Astronaut’s death should make people wonder about kids today

10/11/2013 10:29 AM

10/12/2013 5:34 PM

Scott Carpenter’s death on Thursday should cause older baby boomers to recall the exciting days of the U.S. space program and every nationally televised launch of astronauts into orbit around the planet and beyond.

Carpenter, 88, was one of NASA’s original Mercury 7 astronauts. On May 24, 1962, he became the second American to orbit the Earth. John Glenn was the first.

But his passing should make people wonder what children today might see going on in the adult world that would set their imaginations on fire and cause them to dream of what they might some day do. There’s nothing like yesteryear’s space program to give American kids a collective sense of awe and wonder.

Instead they can look at the rigmarole in Washington, D.C., between congressional Republicans and the White House and wonder whether that’s what being grown-up is really all about. They can look at the job struggles of their parents and financing college worries of their older peers and question whether times will be any better for them.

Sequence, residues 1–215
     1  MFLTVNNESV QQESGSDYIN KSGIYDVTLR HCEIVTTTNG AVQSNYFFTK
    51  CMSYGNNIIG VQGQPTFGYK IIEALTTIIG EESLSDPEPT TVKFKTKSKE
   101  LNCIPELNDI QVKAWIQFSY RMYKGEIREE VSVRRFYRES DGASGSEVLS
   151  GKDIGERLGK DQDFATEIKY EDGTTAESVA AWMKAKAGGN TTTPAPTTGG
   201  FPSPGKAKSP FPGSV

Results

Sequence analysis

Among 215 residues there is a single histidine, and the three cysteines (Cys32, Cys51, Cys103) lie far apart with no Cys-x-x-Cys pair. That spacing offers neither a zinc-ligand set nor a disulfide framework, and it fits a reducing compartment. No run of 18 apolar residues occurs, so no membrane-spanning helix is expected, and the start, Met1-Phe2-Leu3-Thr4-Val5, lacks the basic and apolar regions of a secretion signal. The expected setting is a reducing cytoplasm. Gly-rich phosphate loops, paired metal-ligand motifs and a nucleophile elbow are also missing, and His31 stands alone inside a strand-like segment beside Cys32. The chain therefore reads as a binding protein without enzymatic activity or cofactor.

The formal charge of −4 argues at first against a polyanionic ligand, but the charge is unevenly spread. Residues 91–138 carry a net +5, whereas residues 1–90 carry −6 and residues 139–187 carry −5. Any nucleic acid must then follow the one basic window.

They can turn on the television and see celebrity screw-ups and decide that watching and pretending to be zombies is more appealing than anything in real life.

Join the Discussion

The Kansas City Star is pleased to provide this opportunity to share information, experiences and observations about what's in the news. Some of the comments may be reprinted elsewhere on the site or in the newspaper. We encourage lively, open debate on the issues of the day, and ask that you refrain from profanity, hate speech, personal comments and remarks that are off point. Thank you for taking the time to offer your thoughts.

Terms of Service